In no particular order (as different learning situations will be suited by different approaches) … here is my personal list of the most powerful and innovative learning approaches that can be achieved using digital mobile technologies.
Situated/Proximal: Mobile devices can enable learning to be situated in the most appropriate physical location – for example, learning about horticulture in a nursery, or learning about art in an art gallery – instead of in a classroom, which is usually removed from the richness of a truly immersive and “real” environment for the learning. “Proximal” approaches are related to situated learning, in that the mobile learning content can tie in directly with particular objects or locations the learner interacts with, such as realia, machinery, or, as with situated approaches, particular locations.
Social/Collaborative: Mobile phones are obviously useful communication tools, and allow teachers and learners to interact, share and collaborate using voice, text, and even email, photos and videos. In addition to these built-in communication tools in mobile digital devices, many online Web 2.0 tools have now been designed to support integration with mobile phones (for example, moblogs), and this is creating many more opportunities for utilising social, interactive learning approaches in teaching and learning.
Just-In-Time: Mobile access to data comes with relatively high data costs, slow data speeds, and storage memory sizes considerably smaller than those enjoyed by desktop PCs; however, mobile devices such as mobile phones are easy for learners to always carry with them. This makes mobile devices suited to accessing small, highly relevant chunks of learning, where and/or when the learner requests it.
Lifelong/Informal: Portable media players, mobile phones and PDAs can be used to store and play content downloaded by a learner from many sources. For example, audio podcasts or video files downloaded from the web can be downloaded by a learner, and then taken around with them for them to access learning on a personal area of interest, which may not be formally assessed. Learners can also use mobile devices to record and share their own informal or life experiences with other learners or friends, and get interesting and informative feedback that can help them develop personally or professionally, without a formalised course structure.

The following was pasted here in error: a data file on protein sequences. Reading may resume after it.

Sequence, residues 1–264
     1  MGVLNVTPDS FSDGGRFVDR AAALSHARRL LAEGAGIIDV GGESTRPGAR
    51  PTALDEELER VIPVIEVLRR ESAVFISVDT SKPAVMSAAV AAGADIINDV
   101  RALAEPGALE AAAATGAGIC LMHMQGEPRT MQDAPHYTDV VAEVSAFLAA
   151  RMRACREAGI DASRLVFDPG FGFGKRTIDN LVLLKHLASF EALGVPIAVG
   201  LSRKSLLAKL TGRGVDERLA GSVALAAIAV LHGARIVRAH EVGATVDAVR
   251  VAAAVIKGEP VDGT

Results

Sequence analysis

Contextualised/Adaptive: Mobile devices such as mobile phones and PDAs have significant processing capabilities and can provide a learner with content automatically modified to suit their context – such as the time of day, a learner’s particular location, or their personal/learning preferences. It could be something as simple as a language learning resource, which might greet the learner appropriately depending on the time of day (e.g. “bonjour/bon soir”), or something more complex such as a resource which “learns” the student’s learning style (e.g. visual, auditory, kinaesthetic), records their progress, and provides them with just “new” content, presented in their preferred medium (e.g. audio, or text). It could also be a resource which presents itself in the best possible format for the device on which it is displayed – for example, scaling down images and summarising content appropriately for a mobile phone or PDA, while providing a richer experience when the same resource is used on a PC.
Convenient/Portable: Portable Media Devices allow hours of rich media content to be convieniently and portably carried by a user for ready reference; PDAs provide the same convenience for documents, data, and media; while mobile phones are the ultimate in convenience, with their small size, low weight, and increasing functionality making them an ideal way to carry audio or video files, or small text messages of useful information. Many mobile devices also converge a number of tools which, seperately, would be both bulky and expensive, such as digital video and still photo cameras, calculators, and audio recorders. Mobile phones tend to be carried by their owners all the time, putting these tools and learning resources always within arms reach.
Personalised/Individual: All mobile devices tend to be customised by their users – whether it’s putting a custom ringtone on a phone, a personalised wallpaper on a PDA, or favourite tracks on a media player. The same concept can be applied to learning on mobile devices – learners can be given the ability to customise or “remix” the learning they download to their mobile devices or the presentation of the learning experience itself.
Connected: PDAs and mobile phones have increasing data connectivity capabilities, including the ability to access internet and mobile web sites. While data speeds are still relatively slow for most users, and there’s not a huge amount of suitable mobile content available yet, mobile connectivity provides additional convenience in terms of a learner’s ability to access new information remotely, as well as upload files for instant viewing over the web.
Ubiquitous: Mobile phones, in particular, tend to be everywhere their owners (learners) go. M-learning approaches can be devised to take advantage of this to provide ubiquitous (“anywhere, anytime”) access to learning. An SMS autoresponder system could enable learning to be provided to a learner, anywhere or anytime it’s requested, and proximal or situated learning could become increasingly pervasive in our lives. With projects like Semapedia “tagging” objects and locations with digital links to the relevant Wikipedia articles, and Google acquiring technology to get information on just about anything, just by taking a photo of it, anywhere, anytime, ubiquitous learning is already here…
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